Directed by: Chris McKay
Premise: A spinoff of 2014’s The LEGO Movie. Set in a LEGO version of Gotham City, Batman (voice of Will Arnett) fights crime and lives an isolated life. The Joker (voice of Zach Galifianakis) exploits Batman’s self-absorption to hatch a diabolical plot to destroy the city.
What Works: 2014’s The LEGO Movie was a charming film about the value of imagination that brought together the toy line’s various products and franchise licenses in a story that tapped into memories of childhood play. The movie was funny and smart but also goodhearted and was one of the most satisfying family pictures of recent years. The LEGO Batman Movie has most of the same appeals as the 2014 film and in some respects it is a better picture. The story of The LEGO Batman Movie is a little more coherent. It doesn’t jump out of the diegesis of the story world and so it doesn’t cheapen the drama with a last minute reveal the way the original LEGO Movie did. The LEGO Batman Movie also plays less like an obvious toy commercial than the other film. It still draws upon the various products and licenses that LEGO and Warner Bros. have under their corporate banners but everything comes together in a way that is germane to the story. The narrative of The LEGO Batman Movie is more coherent than the previous film and it is a little more sophisticated. The Batman of the LEGO movie universe is a narcissistic jerk. To make the hero of the movie an unlikable character is a bold move and the filmmakers make it work by playing it for laughs but also by using Batman’s tragic backstory to their advantage. The film is the story of a man learning to contain his ego and connect with other people, namely Barbara Gordon (voice of Rosario Dawson) and Robin (voice of Michael Cera). And that is one of the most extraordinary things about The LEGO Batman Movie. There have been a lot of Batman films and this is one of the best. As a piece of entertainment, The LEGO Batman Movie is far more satisfying than many of the Caped Crusader’s live action films but it’s also distinguished by appealing to children and families. Since the release of 2005’s Batman Begins, the superhero genre has skewed toward dark PG-13 stories. There is certainly a place for that but this trend has taken superheroes away from the kid-friendly origins of these characters. The LEGO Batman Movie is a superhero picture for the family audience but it is also wise to its place in the Batman canon. This is, at least in part, a parody of the superhero genre and The LEGO Batman Movie puts all of those awful spoof movies by Jason Friedberg and Aaron Seltzer to shame.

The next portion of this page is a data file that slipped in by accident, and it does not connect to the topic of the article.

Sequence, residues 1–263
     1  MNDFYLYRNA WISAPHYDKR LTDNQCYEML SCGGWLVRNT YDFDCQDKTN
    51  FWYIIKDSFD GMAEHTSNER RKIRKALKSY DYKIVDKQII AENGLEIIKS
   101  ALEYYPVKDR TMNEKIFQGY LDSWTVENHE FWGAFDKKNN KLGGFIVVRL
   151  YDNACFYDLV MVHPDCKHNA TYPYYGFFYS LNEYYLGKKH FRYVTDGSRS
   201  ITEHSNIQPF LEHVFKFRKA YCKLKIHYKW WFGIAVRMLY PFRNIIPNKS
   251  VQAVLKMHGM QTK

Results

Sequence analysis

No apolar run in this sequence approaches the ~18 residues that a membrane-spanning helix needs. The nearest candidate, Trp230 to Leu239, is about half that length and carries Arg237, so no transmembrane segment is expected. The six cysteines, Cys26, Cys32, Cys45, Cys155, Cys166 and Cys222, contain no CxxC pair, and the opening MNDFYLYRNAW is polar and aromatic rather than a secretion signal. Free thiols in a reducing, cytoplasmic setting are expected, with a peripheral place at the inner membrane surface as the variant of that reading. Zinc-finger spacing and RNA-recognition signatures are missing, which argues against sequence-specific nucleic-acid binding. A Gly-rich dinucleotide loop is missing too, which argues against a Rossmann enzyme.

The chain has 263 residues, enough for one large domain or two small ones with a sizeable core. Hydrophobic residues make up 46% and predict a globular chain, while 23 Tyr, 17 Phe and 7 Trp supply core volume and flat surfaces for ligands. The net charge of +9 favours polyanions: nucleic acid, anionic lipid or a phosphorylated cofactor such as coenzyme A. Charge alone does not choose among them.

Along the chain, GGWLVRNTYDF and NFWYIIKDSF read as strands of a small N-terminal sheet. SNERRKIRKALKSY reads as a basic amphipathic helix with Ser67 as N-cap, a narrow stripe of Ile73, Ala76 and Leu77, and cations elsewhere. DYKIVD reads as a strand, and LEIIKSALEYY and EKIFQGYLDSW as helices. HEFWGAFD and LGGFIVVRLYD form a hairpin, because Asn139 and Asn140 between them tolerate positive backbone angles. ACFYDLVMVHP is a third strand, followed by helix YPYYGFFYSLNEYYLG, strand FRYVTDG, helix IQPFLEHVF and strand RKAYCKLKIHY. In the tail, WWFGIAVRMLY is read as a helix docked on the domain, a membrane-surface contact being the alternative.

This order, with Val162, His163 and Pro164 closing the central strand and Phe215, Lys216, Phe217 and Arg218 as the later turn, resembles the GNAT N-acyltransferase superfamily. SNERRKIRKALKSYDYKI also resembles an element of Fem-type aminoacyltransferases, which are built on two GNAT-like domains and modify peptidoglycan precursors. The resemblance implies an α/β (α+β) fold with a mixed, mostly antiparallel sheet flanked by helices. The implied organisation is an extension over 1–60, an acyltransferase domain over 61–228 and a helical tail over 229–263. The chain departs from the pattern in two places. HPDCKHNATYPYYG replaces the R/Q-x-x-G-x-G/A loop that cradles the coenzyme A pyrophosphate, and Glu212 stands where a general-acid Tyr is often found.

What Doesn’t: Although it is a family film, The LEGO Batman Movie may actually play better for older audiences than it will for younger viewers. That’s partly due to the speed and volume of the movie. There is a lot of action and the film is dense with characters including many Batman villains but also characters from other Warner Bros. properties like Harry Potter, The Lord of the Rings, and Gremlins. Young children might be overwhelmed by the amount of information. It also breezes through the background and mythologies of the DC superheroes, assuming that the audience will come to the movie with that knowledge. And that reveals who The LEGO Batman Movie was really made for. The target audience of this picture isn’t really children or their parents but adult fans of the Caped Crusader. The LEGO Batman Movie was directed by Chris McKay who had also directed the animated television series Robot Chicken and this movie has a similar sensibility. The humor is random and silly and relies on pop culture references, mostly to the previous Batman movies. These inside jokes will only appeal to viewers who have seen the earlier incarnations of the character.
Bottom Line: The LEGO Batman Movie is an enjoyable film that captures the fun that’s missing from a lot of live action superhero movies. It may be best appreciated by older viewers but it ought to appeal to the audience that loved the 2014 Lego Movie.
Episode: #635 (February 19, 2017)